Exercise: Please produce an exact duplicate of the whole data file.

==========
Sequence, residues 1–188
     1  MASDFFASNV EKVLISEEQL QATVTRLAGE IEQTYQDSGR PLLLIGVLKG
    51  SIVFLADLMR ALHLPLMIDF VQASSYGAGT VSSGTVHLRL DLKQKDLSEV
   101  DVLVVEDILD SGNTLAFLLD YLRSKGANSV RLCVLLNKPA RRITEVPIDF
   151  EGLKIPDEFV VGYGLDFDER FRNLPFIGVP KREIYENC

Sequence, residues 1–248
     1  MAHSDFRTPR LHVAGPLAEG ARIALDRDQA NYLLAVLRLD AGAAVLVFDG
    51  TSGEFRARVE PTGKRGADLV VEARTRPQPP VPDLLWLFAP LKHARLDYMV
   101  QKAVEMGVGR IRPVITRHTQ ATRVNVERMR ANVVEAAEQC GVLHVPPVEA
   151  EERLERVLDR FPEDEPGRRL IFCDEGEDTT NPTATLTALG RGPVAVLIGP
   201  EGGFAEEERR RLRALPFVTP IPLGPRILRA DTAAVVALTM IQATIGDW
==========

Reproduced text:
Sequence, residues 1–188
     1  MASDFFASNV EKVLISEEQL QATVTRLAGE IEQTYQDSGR PLLLIGVLKG
    51  SIVFLADLMR ALHLPLMIDF VQASSYGAGT VSSGTVHLRL DLKQKDLSEV
   101  DVLVVEDILD SGNTLAFLLD YLRSKGANSV RLCVLLNKPA RRITEVPIDF
   151  EGLKIPDEFV VGYGLDFDER FRNLPFIGVP KREIYENC

Sequence, residues 1–248
     1  MAHSDFRTPR LHVAGPLAEG ARIALDRDQA NYLLAVLRLD AGAAVLVFDG
    51  TSGEFRARVE PTGKRGADLV VEARTRPQPP VPDLLWLFAP LKHARLDYMV
   101  QKAVEMGVGR IRPVITRHTQ ATRVNVERMR ANVVEAAEQC GVLHVPPVEA
   151  EERLERVLDR FPEDEPGRRL IFCDEGEDTT NPTATLTALG RGPVAVLIGP
   201  EGGFAEEERR RLRALPFVTP IPLGPRILRA DTAAVVALTM IQATIGDW